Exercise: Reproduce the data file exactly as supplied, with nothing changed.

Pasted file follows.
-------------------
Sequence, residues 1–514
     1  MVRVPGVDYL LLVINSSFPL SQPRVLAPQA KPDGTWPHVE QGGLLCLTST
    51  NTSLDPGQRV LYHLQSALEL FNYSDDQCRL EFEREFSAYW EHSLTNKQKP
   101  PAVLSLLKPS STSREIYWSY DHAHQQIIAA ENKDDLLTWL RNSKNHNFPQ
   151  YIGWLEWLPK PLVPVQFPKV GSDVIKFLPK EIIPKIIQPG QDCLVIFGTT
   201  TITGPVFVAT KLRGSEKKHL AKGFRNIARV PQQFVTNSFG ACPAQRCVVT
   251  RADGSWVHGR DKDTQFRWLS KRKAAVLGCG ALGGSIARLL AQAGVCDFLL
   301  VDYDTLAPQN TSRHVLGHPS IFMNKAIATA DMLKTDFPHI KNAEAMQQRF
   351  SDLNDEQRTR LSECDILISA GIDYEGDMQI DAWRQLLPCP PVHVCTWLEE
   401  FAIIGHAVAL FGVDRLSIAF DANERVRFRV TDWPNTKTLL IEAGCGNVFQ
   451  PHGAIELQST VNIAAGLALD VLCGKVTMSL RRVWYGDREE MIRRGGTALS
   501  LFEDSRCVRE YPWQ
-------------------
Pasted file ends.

Sequence, residues 1–514
     1  MVRVPGVDYL LLVINSSFPL SQPRVLAPQA KPDGTWPHVE QGGLLCLTST
    51  NTSLDPGQRV LYHLQSALEL FNYSDDQCRL EFEREFSAYW EHSLTNKQKP
   101  PAVLSLLKPS STSREIYWSY DHAHQQIIAA ENKDDLLTWL RNSKNHNFPQ
   151  YIGWLEWLPK PLVPVQFPKV GSDVIKFLPK EIIPKIIQPG QDCLVIFGTT
   201  TITGPVFVAT KLRGSEKKHL AKGFRNIARV PQQFVTNSFG ACPAQRCVVT
   251  RADGSWVHGR DKDTQFRWLS KRKAAVLGCG ALGGSIARLL AQAGVCDFLL
   301  VDYDTLAPQN TSRHVLGHPS IFMNKAIATA DMLKTDFPHI KNAEAMQQRF
   351  SDLNDEQRTR LSECDILISA GIDYEGDMQI DAWRQLLPCP PVHVCTWLEE
   401  FAIIGHAVAL FGVDRLSIAF DANERVRFRV TDWPNTKTLL IEAGCGNVFQ
   451  PHGAIELQST VNIAAGLALD VLCGKVTMSL RRVWYGDREE MIRRGGTALS
   501  LFEDSRCVRE YPWQ